Better Business Bureau more reliable than criticism revealsAn article in the latest issue of The Journal of Consumer Affairs uses an extensive national-level analysis of the Better Business Bureau (BBB) to find that the BBB can and often does provide potentially valuable information to consumers seeking to do business with local companies. Author Dennis Garrett finds that three of the most common critiques of the BBB (that only a small percentage of companies had reports, that reports do not contain enough information, and that the BBB is biased toward member companies) are overstated.
The study found that the BBB had reliability reports for more than sixty-nine percent of auto dealers, fifty-eight percent of movers, and forty-three percent of roofers-- three of the most requested industries in company reports. Most reports contained the number of prior complaints lodged against a company, the types of complaints, and how the company responded to these complaints. Dr. Garrett's research did not find any significant difference between the numbers of complaints disclosed for a business that was a BBB member as compared to a non-member but notes that alleged preferential treatment is still open for further scrutiny. The greatest distinction was in the manner in which companies resolved their complaints. Nonmember companies were more likely to have their complaints classified into undesirable categories such as unanswered or disputed resolution. Member companies were more likely to have their complaints classified as resolved or making a good faith effort to.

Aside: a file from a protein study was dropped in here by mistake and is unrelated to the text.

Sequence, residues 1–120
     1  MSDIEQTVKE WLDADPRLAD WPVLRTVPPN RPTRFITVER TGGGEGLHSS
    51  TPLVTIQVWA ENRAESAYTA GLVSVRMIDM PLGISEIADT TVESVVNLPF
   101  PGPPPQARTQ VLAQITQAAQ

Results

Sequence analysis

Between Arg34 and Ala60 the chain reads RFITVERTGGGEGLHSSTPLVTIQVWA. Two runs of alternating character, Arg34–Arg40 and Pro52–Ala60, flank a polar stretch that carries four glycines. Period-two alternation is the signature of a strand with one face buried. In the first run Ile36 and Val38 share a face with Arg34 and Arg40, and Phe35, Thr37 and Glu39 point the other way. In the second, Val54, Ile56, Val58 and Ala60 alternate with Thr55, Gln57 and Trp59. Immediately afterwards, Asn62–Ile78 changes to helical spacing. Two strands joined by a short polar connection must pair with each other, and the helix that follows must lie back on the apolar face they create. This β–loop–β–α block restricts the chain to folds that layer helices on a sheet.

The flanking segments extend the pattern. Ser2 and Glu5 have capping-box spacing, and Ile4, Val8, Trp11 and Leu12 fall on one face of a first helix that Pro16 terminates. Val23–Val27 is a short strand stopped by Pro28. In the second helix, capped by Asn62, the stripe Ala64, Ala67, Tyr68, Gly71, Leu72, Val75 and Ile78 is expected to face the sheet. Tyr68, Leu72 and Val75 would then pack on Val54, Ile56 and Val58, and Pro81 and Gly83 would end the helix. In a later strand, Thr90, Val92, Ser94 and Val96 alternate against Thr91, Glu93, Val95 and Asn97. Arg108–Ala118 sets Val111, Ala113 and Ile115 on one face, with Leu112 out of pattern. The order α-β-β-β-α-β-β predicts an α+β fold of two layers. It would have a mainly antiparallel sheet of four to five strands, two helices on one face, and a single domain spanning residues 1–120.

This study is published in the April issue of The Journal of Consumer Affairs. Media wishing to receive a PDF of this article please contact [email protected]
The purpose of The Journal of Consumer Affairs is to serve as a publication outlet for scholarly research, analysis and informed opinions advancing the consumer interest. The journal features analysis of individual, business, and/or government decisions and actions that can affect or influence the interests of consumers in the marketplace. It is published on behalf of the American Council on Consumer Interests.
Dennis Garrett is a professor of marketing at Marquette University. He has been published in numerous books and journals. Dr. Garrett is available for media questions and interviews.
Blackwell Publishing is the world's leading society publisher, partnering with 665 academic and professional societies. Blackwell publishes over 800 journals and, to date, has published more than 6,000 books, across a wide range of academic, medical, and professional subjects.
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